Posted by: secretperson | November 23, 2007

Painful Irony

Just been reading this post at the CEP news blog, and left a comment there but it inspired me to write a bit more detail here.

A Manchester Labour MP, Graham Stringer, raised a debate on the Barnett formula in the House of Commons, which is well covered on the CEP news blog if you want more detail. He is making the justifiable complaint about the unfairness of £500,000 making it’s way upto Scotland as a result of Crossrail, a London based (hugely expensive) rail expansion scheme.

Now some Scottish taxes have contributed to this scheme miles away in London, England, from which Scotland will not benefit. This is the justification for them recieving some money back for their own spending. The same applies for Wales and NI, percentage wise with population. Mr Stringer points out that his own constituents in Manchester also contribute in taxes that will go on Crossrail, but recieve no similar recompense. Does Manchester benefit more simply by being in England?

This is obviously unfair, and a good argument against the Barnett idea, as opposed to a UK wide needs based spending assessment (as presumably happens within England at the moment) or fiscal independence for the four constituent countries of the UK.

The reason I find it a painful irony, is that this is one of the few pieces of legislation that accepts England as a nation. I argue for independence on the basis of England being a historic nation with a national identity. This funding formula works on a similar basis. Manchester is put in with London because they are both English. Stringer’s comments about English regions being treated worse than Scotland, and possible implication of the replacement being a ‘Barnett for the nations and regions’ strikes a bad chord with me. Possibly because any regionalisation reinforces the attempts to break up England as a nation. Plus the same problems would exist, but between arbitrary regions, rather than well established nations.

The answer, as always, may lie in an English Parliament, and proper financial devolution to the UK’s other regions. When tuition fees were introduced to England, against the wishes of a majority of English MPs, helped by Labour Scottish MPs voting on an issue not affecting those who elected them, one of the Scots incentives may have been Barnett. A percentage of these tuition fees, paid only by students at English universities, went up to Scotland, to make up for them ‘missing out’ on this funding increase. Now with Crossrail Scottish UK taxes helped fund it, but in this case there is no justification. Barnett makes every English decision affect the whole of the UK. It is inextricably linked to demands for an English parliament to govern our own decisions, and would certainly need reforming before any messy ‘English votes on English laws’ Tory compromise.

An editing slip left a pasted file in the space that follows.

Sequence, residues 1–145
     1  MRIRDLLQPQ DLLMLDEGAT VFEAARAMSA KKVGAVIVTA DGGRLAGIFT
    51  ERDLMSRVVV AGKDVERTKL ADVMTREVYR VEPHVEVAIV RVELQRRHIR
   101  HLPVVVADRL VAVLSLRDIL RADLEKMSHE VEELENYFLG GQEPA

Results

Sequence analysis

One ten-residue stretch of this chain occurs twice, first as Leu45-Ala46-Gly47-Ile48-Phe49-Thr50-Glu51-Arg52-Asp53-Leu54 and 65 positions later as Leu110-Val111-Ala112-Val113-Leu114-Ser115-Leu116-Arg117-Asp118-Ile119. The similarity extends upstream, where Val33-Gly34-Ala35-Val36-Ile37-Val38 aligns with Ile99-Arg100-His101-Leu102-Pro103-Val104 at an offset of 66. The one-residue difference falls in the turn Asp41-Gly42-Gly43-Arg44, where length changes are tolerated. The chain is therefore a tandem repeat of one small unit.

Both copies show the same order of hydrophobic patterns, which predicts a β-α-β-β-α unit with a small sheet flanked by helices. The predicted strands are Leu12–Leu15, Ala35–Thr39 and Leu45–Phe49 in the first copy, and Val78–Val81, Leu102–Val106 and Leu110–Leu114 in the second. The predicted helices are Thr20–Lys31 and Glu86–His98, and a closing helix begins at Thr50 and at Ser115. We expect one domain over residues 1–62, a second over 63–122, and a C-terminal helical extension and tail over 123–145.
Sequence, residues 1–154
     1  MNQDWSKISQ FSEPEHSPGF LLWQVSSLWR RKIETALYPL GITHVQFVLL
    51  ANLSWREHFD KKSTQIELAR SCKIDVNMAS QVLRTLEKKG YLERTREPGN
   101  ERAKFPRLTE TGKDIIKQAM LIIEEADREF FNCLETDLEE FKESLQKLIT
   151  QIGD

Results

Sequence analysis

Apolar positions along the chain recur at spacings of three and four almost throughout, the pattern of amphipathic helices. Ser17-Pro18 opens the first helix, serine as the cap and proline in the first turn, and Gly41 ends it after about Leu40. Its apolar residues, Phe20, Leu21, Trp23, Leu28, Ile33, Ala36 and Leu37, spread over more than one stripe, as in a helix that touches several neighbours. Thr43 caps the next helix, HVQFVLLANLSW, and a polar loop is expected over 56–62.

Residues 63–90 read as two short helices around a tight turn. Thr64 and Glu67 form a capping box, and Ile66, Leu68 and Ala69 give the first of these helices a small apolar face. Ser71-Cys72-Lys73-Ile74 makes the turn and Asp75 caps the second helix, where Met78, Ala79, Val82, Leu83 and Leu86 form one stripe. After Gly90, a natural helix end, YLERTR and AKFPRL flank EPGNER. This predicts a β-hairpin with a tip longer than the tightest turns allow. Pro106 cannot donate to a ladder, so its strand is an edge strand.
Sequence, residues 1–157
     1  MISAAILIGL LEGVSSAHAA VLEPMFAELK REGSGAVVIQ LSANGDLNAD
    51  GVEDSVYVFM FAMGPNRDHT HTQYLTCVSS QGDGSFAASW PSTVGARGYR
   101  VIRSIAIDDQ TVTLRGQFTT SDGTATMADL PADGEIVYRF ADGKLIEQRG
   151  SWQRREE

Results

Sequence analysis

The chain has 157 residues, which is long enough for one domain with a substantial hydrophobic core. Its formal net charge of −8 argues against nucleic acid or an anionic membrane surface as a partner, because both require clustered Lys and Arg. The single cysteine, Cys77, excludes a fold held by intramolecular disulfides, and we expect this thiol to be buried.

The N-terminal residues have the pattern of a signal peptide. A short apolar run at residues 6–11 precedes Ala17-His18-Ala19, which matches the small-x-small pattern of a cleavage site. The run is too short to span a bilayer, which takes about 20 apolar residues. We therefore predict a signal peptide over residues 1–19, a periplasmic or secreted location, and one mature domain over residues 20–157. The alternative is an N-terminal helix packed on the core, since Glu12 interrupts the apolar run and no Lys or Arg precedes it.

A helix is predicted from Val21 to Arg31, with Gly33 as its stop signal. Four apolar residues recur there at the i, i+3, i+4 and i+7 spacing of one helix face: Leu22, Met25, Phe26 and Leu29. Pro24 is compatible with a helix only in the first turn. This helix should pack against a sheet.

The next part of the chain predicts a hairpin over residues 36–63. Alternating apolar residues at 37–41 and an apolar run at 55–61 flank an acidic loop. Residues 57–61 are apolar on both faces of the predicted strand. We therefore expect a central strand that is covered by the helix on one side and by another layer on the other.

The Scottish Parliament’s tax raising powers (up to three pence in the pound) which could help fund the SNPs many promises, would not be subject to Barnett. This is sensible as 85% would have to come to England, but it’d be equally sensible to have excluded tuition fees. Yet again Scotland gets the better of a ‘United’ Kingdom decision.

The issue of funding major projects is a seperate one. Some things require central funding through shere scale. Local areas will often benefit more than those far away. I have no easy answer to how we reconcile this. Everyday funding is a different issue I think. However it seems obvious that Barnett, or any regional version of it, is not the answer. Let the Scottish have their independence, oil and all, and let the English decide for themselves how to be fair to Manchester when we’re funding London.

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Responses

  1. As long as Scotland only has its fair share of the oil, and also takes its share of the national debt, etc, then I favour its independence.


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